Public Release: 

Symposium explores microbial forensics and the investigation of biocrimes

American Society for Microbiology

February 16, 2003--Denver, CO--September 11 and the events of October 2001 have focused attention on the threat posed by criminals that may use biological pathogens to do harm--and how to catch them. The massive investigation into the "anthrax letters" that caused more than 20 cases of rare, inhalation anthrax and at least 5 deaths blended public health and law enforcement strategies in an effort to stop the outbreak and trace the organism. Unfortunately, the perpetrator or perpetrators remain at large. "Microbial Forensics: A Scientific Assessment," a symposium at the Annual Meeting of the American Association for the Advancement of Science (AAAS) in Denver, CO, will address the systems, methods and technologies required for the successful investigation of biocrimes that could be directed against individuals, institutions, livestock and crops.

The session on Sunday, February 16, 2:30-5:30 pm, will explore microbial forensics, the emerging discipline that combines principles of public health epidemiology and law enforcement to identify patterns in a disease outbreak, determine the pathogen involved, control its spread and trace the microorganism to its source--the perpetrator(s). Microbial forensics investigations require and use traditional investigative methodology, established molecular techniques and new, advanced methods that still may be under development. Since investigators must consider eventual prosecution and presentation of evidence in the courts, biocrime criminal investigations require careful controls and standards for validation and evaluation of technologies and the data they produce.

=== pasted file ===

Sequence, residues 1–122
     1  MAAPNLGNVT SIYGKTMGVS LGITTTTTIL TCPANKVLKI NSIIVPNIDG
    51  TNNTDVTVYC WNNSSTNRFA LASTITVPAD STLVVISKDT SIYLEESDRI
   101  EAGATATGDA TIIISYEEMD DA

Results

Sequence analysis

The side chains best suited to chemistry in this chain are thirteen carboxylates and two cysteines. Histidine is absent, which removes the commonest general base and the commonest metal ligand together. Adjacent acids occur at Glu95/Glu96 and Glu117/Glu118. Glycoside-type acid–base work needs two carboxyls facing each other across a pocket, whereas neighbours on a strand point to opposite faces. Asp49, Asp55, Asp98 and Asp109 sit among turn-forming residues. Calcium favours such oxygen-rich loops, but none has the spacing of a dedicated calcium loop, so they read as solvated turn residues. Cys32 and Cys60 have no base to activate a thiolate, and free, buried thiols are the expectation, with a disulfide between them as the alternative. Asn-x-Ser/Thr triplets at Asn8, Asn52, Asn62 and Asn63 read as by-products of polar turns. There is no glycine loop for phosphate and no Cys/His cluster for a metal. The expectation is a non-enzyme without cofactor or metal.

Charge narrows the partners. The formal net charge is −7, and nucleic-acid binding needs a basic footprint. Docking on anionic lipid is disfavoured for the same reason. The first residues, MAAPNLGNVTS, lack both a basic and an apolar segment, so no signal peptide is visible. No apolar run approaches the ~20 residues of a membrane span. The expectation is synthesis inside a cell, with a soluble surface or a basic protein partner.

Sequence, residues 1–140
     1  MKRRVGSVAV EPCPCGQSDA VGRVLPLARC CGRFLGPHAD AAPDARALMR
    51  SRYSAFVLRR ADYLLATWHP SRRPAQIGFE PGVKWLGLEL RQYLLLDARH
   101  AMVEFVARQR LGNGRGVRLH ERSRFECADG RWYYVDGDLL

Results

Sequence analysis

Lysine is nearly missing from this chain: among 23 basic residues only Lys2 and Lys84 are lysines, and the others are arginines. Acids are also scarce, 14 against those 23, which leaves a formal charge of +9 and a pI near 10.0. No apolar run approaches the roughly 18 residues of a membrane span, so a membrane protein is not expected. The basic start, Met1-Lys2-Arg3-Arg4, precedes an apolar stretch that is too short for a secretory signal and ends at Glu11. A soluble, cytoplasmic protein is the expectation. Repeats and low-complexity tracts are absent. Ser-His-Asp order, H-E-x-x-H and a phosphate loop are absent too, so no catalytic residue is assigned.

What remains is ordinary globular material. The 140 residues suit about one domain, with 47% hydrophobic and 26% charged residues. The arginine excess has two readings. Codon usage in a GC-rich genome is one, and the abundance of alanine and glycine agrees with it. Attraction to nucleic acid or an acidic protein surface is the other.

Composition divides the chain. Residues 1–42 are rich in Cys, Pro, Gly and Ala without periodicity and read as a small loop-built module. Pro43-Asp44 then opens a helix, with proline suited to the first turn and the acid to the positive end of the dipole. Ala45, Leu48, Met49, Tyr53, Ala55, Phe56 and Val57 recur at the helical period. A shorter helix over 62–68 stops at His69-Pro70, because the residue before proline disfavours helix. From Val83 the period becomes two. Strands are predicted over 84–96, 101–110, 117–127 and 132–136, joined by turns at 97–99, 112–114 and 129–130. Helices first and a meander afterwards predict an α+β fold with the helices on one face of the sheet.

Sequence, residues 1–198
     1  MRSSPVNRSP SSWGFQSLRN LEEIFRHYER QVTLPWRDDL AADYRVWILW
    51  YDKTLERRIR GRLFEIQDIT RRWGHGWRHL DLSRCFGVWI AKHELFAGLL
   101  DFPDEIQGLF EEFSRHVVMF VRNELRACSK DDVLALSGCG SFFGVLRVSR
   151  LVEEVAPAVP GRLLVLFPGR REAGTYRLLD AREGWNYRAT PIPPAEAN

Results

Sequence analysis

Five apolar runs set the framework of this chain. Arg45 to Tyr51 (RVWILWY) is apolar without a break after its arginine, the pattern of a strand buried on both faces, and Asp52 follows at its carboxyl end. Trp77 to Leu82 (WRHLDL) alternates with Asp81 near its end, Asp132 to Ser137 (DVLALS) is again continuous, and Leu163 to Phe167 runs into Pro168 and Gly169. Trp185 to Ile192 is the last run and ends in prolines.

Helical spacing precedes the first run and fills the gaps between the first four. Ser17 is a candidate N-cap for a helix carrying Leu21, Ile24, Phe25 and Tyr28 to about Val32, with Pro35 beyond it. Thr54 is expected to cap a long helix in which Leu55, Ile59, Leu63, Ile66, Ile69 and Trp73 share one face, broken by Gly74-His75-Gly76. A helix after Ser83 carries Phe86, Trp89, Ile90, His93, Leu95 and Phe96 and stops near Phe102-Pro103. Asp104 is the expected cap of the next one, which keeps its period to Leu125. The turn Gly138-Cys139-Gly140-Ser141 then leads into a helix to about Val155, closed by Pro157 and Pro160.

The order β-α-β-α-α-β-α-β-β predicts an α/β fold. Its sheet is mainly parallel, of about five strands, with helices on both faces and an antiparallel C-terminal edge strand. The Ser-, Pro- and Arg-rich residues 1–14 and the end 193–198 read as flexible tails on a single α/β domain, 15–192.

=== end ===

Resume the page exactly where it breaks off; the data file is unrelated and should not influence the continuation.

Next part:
Speakers at the American Academy of Microbiology (AAM) sponsored session include organizer Abigail Salyers, Ph.D. ,University of Illinois, Urbana-Champaign, and past president of the American Society for Microbiology, who will provide an overview of microbial forensics. Bruce Budowle, Ph.D., of the F.B.I. will speak on "Practical Implications of Microbial Forensics." Joseph Campos, Ph.D., Children's National Medical Center, will discuss "Testing Standards in the World of Microbial Forensics." Paul Keim, Ph.D., of the University of Northern Arizona, author of the just-published AAM report "Microbial Forensics: A Scientific Assessment," will present "Characterizing Isolates of Bacillus anthracis Used in Acts of Bioterrorism." Bette Korber, Ph.D., of Los Alamos National Laboratory, will speak on "Forensic Considerations for a Rapidly Evolving Pathogen like HIV-1."

The symposium participants were among 25 prominent scientists brought together at a colloquium focused on evidence gathering; identification of biocrime organisms; tracing sources of organisms; investigative techniques; and education, training and communication issues. Findings of the entire group are summarized in "Microbial Forensics: A Scientific Assessment," (available on-line beginning February 17, visit: a document that analyses the current state of microbial forensics science, technology, preparedness, and cooperation--and makes specific recommendations for future action to address biocrimes that pose a threat to public health, societal morale, economic security, and political stability.


The American Academy of Microbiology is an honorific leadership group within the American Society for Microbiology (ASM) whose mission is to recognize excellence and foster knowledge in the microbiological sciences. Its programs include convening critical issues colloquia and developing consensus-building position papers that provide expert scientific opinion on current and emerging issues in microbiology.

AAM reports can be downloaded for free:

For more information and to get a hard copy of "Microbial Forensics: A Scientific Assessment," contact Andrea Lohse at the American Academy of Microbiology (202)942-9292 or

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